I had been told to expect a barn burner from the Holy Father at the opening session of the synod Monday morning. I awoke in my hotel room in South Bend, threw in my contacts and rushed to the computer. I read his opening talk and it surely did not seem like a barn burner. Maybe it was my bad Italian. Later in the day, when I found an English translation, the opening talk still did not seem like a barn burner. He barely mentioned the topics the synod will address! Had I been wrongly tipped off?

Then it hit me. This talk was revolutionary precisely because the Holy Father did not speak to the issues the synod was to discuss: He did not pre-empt nor pre-judge the discussion. Instead, he spoke to how he wanted this body to function as a decision-making body appropriate to the Church (h/t to Vatican Insider for the translation):

“One general and basic condition is this: speak out. Nobody should say: 'I can't say this or they will think this of me...,' Francis said. “We must all say what you feel with parresia (unabashedly). After the last Consistory (February 2014), when the family issue was discussed, one cardinal wrote to me saying: it is a pity some cardinals didn’t have the courage to say certain things out of respect fort he Pope, believing that the Pope may have thought differently. This is not good; this is not what synodality is about, because we must say everything we feel we need to say, in the spirit of the Lord, without pusillanimity and without fear. At the same time, we must listen humbly and embrace with an open heart what our brothers tell us. These two attitudes express synodality. This is why I ask you please to adopt these two fraternal attitudes, in the name of the Lord: to “feel with parresia” and “listen humbly”. Do this calmly and peacefully, because the Synod always takes place cum Petro et sub Petro and the Pope’s presence is a guarantee for everyone and protects the faith. Dear brothers, let us all work together to ensure a solid spirit of synodality.”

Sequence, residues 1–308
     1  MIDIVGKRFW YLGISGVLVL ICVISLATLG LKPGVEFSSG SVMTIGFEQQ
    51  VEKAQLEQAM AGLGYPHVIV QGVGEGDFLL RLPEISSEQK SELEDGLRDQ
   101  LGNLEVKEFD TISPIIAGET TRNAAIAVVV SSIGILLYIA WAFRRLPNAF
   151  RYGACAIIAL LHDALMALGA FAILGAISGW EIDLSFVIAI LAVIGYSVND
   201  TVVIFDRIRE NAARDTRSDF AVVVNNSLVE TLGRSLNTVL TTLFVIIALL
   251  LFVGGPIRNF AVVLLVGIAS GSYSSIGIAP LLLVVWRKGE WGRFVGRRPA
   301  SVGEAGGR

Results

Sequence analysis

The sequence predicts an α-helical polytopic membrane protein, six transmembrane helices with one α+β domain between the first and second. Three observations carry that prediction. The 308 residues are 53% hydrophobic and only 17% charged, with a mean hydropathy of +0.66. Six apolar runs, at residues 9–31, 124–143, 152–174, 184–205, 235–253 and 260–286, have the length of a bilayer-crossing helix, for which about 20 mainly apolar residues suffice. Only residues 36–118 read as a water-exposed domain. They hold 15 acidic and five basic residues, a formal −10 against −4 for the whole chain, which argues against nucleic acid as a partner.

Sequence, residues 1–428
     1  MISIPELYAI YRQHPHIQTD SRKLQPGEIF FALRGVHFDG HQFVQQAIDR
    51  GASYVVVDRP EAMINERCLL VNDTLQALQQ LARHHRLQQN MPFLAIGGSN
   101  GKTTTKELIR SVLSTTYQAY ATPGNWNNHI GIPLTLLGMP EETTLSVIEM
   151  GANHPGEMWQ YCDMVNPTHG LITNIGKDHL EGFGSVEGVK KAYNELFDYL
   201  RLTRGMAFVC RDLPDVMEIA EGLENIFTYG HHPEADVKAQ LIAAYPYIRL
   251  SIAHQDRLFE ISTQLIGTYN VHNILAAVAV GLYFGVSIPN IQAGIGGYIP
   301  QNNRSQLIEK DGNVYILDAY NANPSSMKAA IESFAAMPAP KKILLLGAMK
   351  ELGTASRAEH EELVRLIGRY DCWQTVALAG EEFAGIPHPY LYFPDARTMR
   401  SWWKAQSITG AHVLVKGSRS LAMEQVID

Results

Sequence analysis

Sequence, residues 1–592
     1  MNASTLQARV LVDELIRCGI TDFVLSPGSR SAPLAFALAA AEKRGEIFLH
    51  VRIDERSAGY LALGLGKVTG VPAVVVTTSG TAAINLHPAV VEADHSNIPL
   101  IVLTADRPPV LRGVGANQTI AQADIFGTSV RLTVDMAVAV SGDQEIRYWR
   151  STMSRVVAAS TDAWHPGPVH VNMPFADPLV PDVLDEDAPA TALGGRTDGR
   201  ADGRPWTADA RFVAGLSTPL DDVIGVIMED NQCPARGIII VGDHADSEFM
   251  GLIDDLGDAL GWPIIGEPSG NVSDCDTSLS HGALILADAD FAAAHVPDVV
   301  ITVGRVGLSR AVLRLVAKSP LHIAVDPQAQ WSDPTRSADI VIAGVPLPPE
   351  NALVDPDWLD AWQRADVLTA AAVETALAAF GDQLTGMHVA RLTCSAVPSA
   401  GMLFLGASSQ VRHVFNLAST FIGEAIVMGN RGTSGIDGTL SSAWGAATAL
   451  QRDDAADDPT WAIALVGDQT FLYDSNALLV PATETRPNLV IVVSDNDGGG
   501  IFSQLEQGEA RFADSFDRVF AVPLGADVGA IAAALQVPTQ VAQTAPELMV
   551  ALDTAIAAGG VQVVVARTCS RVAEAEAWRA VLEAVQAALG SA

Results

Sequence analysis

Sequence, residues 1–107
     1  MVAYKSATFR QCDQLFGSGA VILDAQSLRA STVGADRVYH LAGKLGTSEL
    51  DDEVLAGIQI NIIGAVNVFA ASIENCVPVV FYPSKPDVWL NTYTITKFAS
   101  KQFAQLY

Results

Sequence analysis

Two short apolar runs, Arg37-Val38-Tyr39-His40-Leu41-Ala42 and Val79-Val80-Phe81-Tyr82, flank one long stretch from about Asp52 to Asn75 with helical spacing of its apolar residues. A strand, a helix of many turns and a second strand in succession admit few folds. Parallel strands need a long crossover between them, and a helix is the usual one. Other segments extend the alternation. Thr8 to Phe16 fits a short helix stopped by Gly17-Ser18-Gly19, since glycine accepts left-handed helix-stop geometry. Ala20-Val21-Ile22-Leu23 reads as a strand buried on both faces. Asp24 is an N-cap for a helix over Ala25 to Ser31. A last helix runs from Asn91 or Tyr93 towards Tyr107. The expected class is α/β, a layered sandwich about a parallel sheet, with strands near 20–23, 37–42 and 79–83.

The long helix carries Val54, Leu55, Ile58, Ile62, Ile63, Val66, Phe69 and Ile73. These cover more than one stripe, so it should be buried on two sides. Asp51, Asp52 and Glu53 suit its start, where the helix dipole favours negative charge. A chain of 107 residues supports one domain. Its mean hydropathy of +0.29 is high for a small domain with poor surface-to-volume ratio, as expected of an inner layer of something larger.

This was, in its way, as revolutionary – and more so – than if he had simply said, “Let’s streamline the annulment process, eh?” The comments were reinforced by the images from the first day of the synod. The Holy Father got there early and he did not sit in the center chair immediately, but mingled with the other synod fathers, shaking hands, embracing old friends. Yes, the discussion – and the decisions – will and must be undertaken like everything in the Church cum Petro et sub Petro, but the emphasis was on the cum not on the sub. If that is not revolutionary, nothing is revolutionary.

The other clear emphasis from the pope’s many comments the last few days involves the rest of us who are not in the aula. He has asked us to pray for the synod, to pray for the Holy Spirit’s guidance. Let us not be wanting in this most important contribution. We should pray for our American delegates, Cardinal Wuerl, Cardinal Dolan and Archbishop Kurtz. We should pray for all the synod fathers. We should pray for the married couples to whom they will listen. And, of course, we should pray for the Holy Father himself who just radiates the message he speaks so consistently, only a blind or very obstinate man would not take heart and hope at the sight.